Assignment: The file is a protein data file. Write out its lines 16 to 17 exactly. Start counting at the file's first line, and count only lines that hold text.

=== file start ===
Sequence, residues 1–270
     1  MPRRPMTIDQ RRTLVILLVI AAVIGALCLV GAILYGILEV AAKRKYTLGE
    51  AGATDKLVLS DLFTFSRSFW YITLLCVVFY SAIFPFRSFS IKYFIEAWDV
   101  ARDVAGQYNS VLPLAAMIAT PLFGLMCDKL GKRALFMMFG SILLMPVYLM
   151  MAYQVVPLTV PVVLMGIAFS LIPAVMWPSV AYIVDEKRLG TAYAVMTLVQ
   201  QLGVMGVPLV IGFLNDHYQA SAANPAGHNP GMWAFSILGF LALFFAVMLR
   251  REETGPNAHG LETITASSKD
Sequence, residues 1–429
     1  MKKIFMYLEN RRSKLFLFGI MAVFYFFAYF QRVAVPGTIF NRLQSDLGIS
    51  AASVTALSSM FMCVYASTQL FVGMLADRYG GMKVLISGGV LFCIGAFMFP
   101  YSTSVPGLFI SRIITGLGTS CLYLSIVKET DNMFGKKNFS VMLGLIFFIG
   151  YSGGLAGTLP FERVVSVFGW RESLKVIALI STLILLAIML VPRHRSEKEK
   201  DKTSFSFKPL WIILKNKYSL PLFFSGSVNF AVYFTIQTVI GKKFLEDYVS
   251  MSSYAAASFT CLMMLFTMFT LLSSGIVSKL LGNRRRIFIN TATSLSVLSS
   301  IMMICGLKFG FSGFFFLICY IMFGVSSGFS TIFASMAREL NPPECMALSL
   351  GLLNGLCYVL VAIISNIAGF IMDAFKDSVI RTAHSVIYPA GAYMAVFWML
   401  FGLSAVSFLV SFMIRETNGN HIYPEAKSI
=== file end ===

   351  GLLNGLCYVL VAIISNIAGF IMDAFKDSVI RTAHSVIYPA GAYMAVFWML
   401  FGLSAVSFLV SFMIRETNGN HIYPEAKSI